There has never been a naked face;
perhaps ghosts or angels have it, or the dead
whose images outlast them: but bare-eyed,
the mouth only a mouth, the lines untied,
is not a living face: faces wear moods for dress.
The mask, its artifice of power or grace,
thought led by the masker across wood,
metal or paper, is the shell of a mood
stripped off and living: the mask does not hide,
but chooses limits, being chosen to express.
I have seen the lineaments of a place
unmask suddenly as a rising bird;
a torn-out page: so human faces could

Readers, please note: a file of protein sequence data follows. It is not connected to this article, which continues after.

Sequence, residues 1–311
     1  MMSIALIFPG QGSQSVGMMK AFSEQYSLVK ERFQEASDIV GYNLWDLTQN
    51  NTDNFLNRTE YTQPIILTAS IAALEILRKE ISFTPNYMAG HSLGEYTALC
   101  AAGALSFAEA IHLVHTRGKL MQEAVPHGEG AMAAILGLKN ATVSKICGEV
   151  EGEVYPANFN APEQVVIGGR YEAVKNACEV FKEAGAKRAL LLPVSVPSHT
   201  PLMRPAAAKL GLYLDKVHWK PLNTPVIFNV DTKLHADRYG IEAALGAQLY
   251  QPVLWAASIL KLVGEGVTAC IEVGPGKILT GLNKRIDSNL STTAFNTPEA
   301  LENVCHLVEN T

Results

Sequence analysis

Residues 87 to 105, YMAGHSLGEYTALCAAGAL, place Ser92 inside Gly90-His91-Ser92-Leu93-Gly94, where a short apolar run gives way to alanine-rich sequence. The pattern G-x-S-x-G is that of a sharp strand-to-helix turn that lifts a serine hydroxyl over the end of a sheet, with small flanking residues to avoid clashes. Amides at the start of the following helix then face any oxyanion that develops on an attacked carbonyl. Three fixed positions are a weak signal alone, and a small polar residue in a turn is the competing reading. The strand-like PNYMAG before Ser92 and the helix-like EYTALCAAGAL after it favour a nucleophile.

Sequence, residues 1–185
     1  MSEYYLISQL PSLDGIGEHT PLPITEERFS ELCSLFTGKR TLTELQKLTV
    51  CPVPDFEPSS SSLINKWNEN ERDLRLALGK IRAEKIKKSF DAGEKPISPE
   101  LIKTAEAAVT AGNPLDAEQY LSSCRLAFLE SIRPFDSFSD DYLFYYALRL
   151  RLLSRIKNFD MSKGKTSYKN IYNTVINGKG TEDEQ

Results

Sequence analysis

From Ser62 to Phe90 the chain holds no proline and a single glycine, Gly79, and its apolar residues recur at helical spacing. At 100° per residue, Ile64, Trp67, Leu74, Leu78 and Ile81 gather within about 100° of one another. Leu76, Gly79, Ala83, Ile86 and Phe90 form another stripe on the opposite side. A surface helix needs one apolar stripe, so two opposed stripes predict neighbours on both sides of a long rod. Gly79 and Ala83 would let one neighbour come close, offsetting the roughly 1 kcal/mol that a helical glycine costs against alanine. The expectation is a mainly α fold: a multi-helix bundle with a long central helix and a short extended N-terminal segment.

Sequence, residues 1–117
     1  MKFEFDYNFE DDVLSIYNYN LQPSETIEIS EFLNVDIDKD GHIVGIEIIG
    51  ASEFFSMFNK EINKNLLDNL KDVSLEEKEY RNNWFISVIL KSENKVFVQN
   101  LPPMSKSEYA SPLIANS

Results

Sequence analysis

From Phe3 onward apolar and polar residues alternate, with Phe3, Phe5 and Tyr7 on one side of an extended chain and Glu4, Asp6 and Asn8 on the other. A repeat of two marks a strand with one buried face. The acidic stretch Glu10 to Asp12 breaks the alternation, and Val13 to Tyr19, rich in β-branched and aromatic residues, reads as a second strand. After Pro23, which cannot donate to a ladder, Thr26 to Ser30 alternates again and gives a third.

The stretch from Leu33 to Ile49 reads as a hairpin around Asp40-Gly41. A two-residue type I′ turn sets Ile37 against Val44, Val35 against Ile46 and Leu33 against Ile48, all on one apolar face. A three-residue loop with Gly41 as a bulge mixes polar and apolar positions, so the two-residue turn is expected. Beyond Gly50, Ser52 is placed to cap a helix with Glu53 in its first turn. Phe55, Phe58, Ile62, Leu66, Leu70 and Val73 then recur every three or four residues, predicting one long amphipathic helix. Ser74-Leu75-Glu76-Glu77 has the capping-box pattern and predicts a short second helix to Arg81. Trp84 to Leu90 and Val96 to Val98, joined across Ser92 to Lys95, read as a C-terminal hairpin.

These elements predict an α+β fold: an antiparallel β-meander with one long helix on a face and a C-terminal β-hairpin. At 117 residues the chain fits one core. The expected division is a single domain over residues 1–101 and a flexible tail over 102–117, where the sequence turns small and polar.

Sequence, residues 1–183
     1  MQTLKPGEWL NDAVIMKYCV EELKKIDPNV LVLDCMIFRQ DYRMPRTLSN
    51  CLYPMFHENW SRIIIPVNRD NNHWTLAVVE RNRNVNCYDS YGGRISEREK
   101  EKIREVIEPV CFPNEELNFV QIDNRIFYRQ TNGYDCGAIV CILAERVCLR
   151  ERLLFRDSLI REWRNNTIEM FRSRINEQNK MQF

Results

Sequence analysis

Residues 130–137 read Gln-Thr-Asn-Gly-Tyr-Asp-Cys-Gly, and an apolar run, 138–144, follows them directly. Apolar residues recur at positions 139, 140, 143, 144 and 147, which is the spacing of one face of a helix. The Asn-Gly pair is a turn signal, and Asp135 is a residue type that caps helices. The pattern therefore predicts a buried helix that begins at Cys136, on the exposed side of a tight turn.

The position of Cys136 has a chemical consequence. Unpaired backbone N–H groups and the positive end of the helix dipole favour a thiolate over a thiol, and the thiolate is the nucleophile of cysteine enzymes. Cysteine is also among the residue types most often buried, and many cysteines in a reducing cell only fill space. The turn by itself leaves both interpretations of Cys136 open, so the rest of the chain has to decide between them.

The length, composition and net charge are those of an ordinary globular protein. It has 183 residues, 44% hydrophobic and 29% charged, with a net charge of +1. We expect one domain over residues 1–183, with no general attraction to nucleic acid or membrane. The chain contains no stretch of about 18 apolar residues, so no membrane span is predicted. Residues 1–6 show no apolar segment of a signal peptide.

lose their bright meaning plaster, and have died
into an echo's firm impersonal absences.
These masks and statues of an ancient race,
expressive bandages for limb and head,
living on history, like a fallen god,
were greater than the hollowness they hid.
What is it now speaks through their mouths, looks through their eyes?